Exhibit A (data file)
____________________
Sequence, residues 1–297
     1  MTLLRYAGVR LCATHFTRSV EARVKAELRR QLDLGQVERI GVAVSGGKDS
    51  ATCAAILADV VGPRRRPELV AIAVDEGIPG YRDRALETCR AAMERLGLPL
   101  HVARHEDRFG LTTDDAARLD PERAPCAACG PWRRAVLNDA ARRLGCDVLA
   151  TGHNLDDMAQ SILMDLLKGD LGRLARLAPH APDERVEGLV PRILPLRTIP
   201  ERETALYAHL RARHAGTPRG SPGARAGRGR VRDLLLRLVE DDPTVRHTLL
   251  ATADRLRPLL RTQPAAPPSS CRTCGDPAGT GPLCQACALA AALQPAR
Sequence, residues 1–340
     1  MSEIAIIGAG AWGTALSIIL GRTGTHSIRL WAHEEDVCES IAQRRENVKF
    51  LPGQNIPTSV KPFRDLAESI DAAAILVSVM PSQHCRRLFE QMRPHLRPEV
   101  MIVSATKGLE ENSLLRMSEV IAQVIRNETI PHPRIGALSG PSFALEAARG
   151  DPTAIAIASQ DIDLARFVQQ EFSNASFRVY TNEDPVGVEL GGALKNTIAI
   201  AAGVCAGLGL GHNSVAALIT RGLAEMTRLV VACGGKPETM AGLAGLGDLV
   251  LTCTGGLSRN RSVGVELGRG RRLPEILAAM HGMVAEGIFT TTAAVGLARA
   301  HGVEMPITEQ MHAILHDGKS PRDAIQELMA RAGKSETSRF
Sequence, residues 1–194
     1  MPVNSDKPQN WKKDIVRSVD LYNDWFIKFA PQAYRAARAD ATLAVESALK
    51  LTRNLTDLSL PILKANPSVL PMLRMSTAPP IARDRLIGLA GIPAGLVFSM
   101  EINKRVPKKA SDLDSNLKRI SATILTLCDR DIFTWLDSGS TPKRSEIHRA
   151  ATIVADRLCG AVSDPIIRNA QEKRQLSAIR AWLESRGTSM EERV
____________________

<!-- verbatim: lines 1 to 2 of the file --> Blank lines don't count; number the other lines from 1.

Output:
Sequence, residues 1–297
     1  MTLLRYAGVR LCATHFTRSV EARVKAELRR QLDLGQVERI GVAVSGGKDS